Nigeria’s Islamic extremist leader, Abubakar Shekau, has claimed responsibility for the abduction and has threatened to sell the girls. Shekau also warned that Boko Haram will attack more schools and abduct more girls. Boko Haram means “Western education is sinful.”
The State Department on Tuesday warned U.S. citizens against traveling to Nigeria.
Obama earlier called the kidnapping of nearly 300 girls in Nigeria 'awful,' and added that the U.S. will 'do everything we can' to help Nigeria.
'Obviously what's happening is awful, and as a father of two girls I can't imagine what the parents are going through,' Obama said in an interview with CBS, one of a collection of interviews the president gave to local and national TV outlets on Tuesday afternoon.
Obama said in his interview with the CBS that the White House is 'sending in a team made up of our military, and law enforcement and other experts and we're very glad that Nigeria's accepted the help.'
Obama called Boko Haram, the group that has claimed to have taken the girls as 'one of the worst, regional or local terrorist organizations in the world.' Boko Haram, whose name roughly translates in English to 'Western education is sinful,' is an Islamic terrorist group based in the Northeast region of Nigeria.
'We've long sought to work with Nigeria on dealing with them and we're going to do everything we can to assist them in recovering these young women,' the president said, adding that more work is needed in targeting the group.
'More broadly though, we're going to have to really tackle a pernicious problem inside that country - an organization that has carried out ruthless attacks and killed thousands of people over the last several years,' Obama said.
In an additional interview with ABC News. the president added, 'this may be the event that helps to mobilize the entire international community to finally do something against this horrendous organization that's perpetrated such a terrible crime.'
To NBC's Al Roker, Obama called the abductions a 'terrible situation.'
Obama's comments echo those of Secretary of State John Kerry who on Tuesday, spoke with Nigerian President Goodluck Jonathan. Kerry said the Nigerian president welcomed the offer of U.S. aid. White House Press Secretary Jay Carney told reporters at Tuesday's briefing that Obama and Kerry were to discuss the abductions in one of their regular White House meetings, the AP reported.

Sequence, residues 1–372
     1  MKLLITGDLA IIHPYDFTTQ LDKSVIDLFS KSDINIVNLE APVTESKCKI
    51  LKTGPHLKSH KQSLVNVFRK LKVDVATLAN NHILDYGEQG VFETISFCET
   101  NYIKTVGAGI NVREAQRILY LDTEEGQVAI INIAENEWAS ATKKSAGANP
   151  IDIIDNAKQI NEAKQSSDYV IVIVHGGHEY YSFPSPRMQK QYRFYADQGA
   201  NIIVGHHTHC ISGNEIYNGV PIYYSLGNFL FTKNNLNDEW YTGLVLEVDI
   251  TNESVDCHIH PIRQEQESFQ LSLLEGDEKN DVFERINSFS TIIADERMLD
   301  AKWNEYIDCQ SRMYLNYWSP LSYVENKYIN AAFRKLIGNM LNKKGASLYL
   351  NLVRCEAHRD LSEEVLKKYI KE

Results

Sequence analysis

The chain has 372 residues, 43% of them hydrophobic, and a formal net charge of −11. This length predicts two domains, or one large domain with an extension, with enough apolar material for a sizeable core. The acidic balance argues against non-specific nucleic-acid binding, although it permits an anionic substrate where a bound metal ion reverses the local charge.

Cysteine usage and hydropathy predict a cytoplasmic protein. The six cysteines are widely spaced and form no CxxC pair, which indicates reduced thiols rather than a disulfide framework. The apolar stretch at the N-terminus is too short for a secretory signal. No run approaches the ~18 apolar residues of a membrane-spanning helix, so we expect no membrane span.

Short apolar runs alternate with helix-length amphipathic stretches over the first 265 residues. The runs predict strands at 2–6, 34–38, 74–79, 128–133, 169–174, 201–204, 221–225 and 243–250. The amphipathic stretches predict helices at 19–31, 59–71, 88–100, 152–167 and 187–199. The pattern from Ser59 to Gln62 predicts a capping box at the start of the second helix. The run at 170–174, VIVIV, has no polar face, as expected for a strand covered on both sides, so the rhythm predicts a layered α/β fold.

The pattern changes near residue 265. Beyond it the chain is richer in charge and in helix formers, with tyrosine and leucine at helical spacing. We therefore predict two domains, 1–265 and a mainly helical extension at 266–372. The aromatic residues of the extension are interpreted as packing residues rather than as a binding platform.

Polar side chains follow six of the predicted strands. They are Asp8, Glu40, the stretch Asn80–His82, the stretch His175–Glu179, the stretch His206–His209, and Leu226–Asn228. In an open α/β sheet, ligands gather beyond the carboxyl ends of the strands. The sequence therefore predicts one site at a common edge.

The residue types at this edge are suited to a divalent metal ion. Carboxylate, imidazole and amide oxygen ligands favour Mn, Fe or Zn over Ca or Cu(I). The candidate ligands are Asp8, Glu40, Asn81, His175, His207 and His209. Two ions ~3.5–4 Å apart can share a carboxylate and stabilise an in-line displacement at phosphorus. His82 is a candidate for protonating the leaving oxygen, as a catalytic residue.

Nigeria defended its response to the kidnapping of hundreds of schoolgirls by the terror group Boko Haram, even as details emerged Tuesday about a second mass abduction, adding to a growing global outrage over the fate of the children.
President Goodluck Jonathan has been under fire over accusations the government initially ignored and then later downplayed the abduction of the girls, who have become the focal point of a social media campaign demanding their safe return.
“The President and the government (are) not taking this as easy as people all over the world think,” Doyin Okupe, a spokesman for Jonathan told CNN.
“We’ve done a lot — but we are not talking about it. We’re not Americans. We’re not showing people, you know, but it does not mean that we are not doing something.”
In detailing the government’s response, two special battalions have been devoted to the search for the missing girls, Okupe said. That includes 250 locations that have been searched by helicopters and airplanes.
It was unclear whether these were additional troops being dispatched or were forces already in place. More troops, he said, are also on the way.
But the father of two of the schoolgirls taken by Boko Haram told CNN there has been no sign of the military in the days and weeks following the abduction.
He accused the government of “playing” with the parents of the missing girls, treating them as “fools.”
“Had there been these military men who went into the bush to rescue our daughters, we would have seen them,” said the father, who declined to be identified for fear of reprisals by the government and the terror group. “…We have never seen any military man there.”